They are best when left in the ground until needed. When growth starts, the tubers turn black and are not edible.


For a great natural fungus and mildew spray use Chamomile tea! I brew mine from home grown Chamomile, but I understand the store bought tea bags works just as well. Brew 2 cups of tea (one at a time) from the same tea bag, the 2nd one dilutes the strength to "just right" as well as giving you more solution. It works wonderfully on the fungus & mildew that grow on seedling peat pots and helps prevent damping off. Add a drop of liquid soap and it also helps repel insects. Allow tea to cool and mist mildew/fungus as often as necessary.


To steam-blanch tomatoes in preparation for sun-drying, fill a steamer or saucepan with 1" to 2" of water. Steam them in a wire basket for 3 minutes. This step will prevent the tomatoes from molding during the drying process. Don't allow the tomatoes to come in contact with the water. Place halved tomatoes that have been steam- blanched on a plastic screen that's been sprayed with olive oil. Use a frame to support the screen so you can dry the fruit in a single layer. Cover the tomatoes with netting. When tomato dry, store them in glass jars on the pantry shelf for up to a year.


Always wash new or recycled planting containers in hot soapy water and then soaking in a laundry bleach and water solution (approximately one part liquid laundry bleach  to nine parts water). Soak the clean pots and containers for 30 minutes, then rinse. All pots and seed trays need drainage holes. This allows moisture and oxygen to flow through. A fresh bag of soilless mix is the best planting ground for seeds and seedlings. This will be a combination of peat moss, vermiculite and perlite.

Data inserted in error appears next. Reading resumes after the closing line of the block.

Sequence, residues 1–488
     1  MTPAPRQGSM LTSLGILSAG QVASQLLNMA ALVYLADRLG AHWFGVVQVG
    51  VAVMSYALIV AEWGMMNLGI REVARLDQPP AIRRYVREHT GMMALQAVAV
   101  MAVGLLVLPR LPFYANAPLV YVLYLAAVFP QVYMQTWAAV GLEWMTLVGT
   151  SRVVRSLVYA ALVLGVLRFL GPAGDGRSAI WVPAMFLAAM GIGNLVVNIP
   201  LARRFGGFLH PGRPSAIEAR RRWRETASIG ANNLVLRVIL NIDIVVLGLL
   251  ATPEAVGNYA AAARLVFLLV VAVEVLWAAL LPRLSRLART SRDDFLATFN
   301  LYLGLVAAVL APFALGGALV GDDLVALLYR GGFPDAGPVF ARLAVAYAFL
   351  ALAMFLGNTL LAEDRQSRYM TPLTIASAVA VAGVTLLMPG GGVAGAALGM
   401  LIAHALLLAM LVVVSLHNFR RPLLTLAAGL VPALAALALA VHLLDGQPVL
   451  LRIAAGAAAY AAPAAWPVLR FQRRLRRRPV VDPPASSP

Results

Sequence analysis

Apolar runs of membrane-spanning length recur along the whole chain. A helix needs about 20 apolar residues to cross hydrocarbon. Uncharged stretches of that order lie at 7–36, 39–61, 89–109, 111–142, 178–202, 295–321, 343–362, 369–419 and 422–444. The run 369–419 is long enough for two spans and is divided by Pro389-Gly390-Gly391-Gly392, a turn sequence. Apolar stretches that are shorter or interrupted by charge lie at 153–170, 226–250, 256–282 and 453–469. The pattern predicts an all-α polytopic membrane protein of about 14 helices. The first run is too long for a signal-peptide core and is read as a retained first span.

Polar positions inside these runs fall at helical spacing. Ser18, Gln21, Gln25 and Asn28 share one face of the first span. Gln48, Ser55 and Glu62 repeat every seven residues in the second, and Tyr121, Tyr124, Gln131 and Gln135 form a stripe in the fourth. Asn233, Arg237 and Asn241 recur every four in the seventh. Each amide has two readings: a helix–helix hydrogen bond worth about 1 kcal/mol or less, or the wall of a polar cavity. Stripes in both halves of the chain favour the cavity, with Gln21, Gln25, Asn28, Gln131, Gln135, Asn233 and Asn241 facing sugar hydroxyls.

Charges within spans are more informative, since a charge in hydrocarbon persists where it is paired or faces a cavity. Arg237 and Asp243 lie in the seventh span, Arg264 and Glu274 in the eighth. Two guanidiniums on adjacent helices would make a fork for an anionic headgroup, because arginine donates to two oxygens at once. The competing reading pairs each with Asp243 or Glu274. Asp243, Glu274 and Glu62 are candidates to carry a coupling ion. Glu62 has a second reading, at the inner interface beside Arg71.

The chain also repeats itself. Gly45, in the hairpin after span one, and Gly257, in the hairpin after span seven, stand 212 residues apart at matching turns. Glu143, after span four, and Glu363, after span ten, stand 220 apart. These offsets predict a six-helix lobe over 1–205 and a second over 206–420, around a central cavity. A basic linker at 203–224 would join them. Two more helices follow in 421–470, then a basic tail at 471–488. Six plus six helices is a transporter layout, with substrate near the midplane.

Cabbage Worms & Cabbage Lopers

The worms are around 3 cm long and velvety green. The lopers are green and move like inchworms. The adults of worms are white small butterflies the lay their eggs on the leaves of plants like cole crops, radishes and turnips. The adults of the loper are brown in color. They appear in the garden in late spring and are active until mid fall. They hide in the crinkly curling leaves of vegetables. They are hard to spot on the leaves but they do leave dark green droppings on the leaves. They leave holes in the leaves so you know that they are present.They make large ragged holes in the leaves of affected plants. They don't take very long to destroy a plant.


1) Hand pick

They are not easy to see on green plants, red cabbage however is an easy one. Sometimes they're hiding inside the tender broccoli leaves. Look for signs they are there and then you will find them

2) Use row covers - Make them out of light permeable material. There is some that you can buy.

3) Make an organic spray - Garlic and organic oil mixed with water and red pepper.

4) Bt


Wild Edibles


Grows in waste ground, roadsides. The dried leaves make a pleasantly soothing tea when prepared like oriental tea.


Look in fresh or brackish marshes, shallow water. Tons of uses: Salad, asparagus, cooked vegetables, flour, pickle, potato. This is possibly one of the best and certainly the most versatile of our native edible plants. Harvest cattails where old stalks are abundant.

Day Lily

Found in waste ground leftover from a previous garden. Great in salad, asparagus, cooked vegetable, fritters, seasoning. A little-known, but excellent food source. Add the early shoots to salads or prepare like asparagus. Prepare the young flowerbuds like green beans or, when older, like fritters.



"How fair is the garden amid the toils and passions of existence"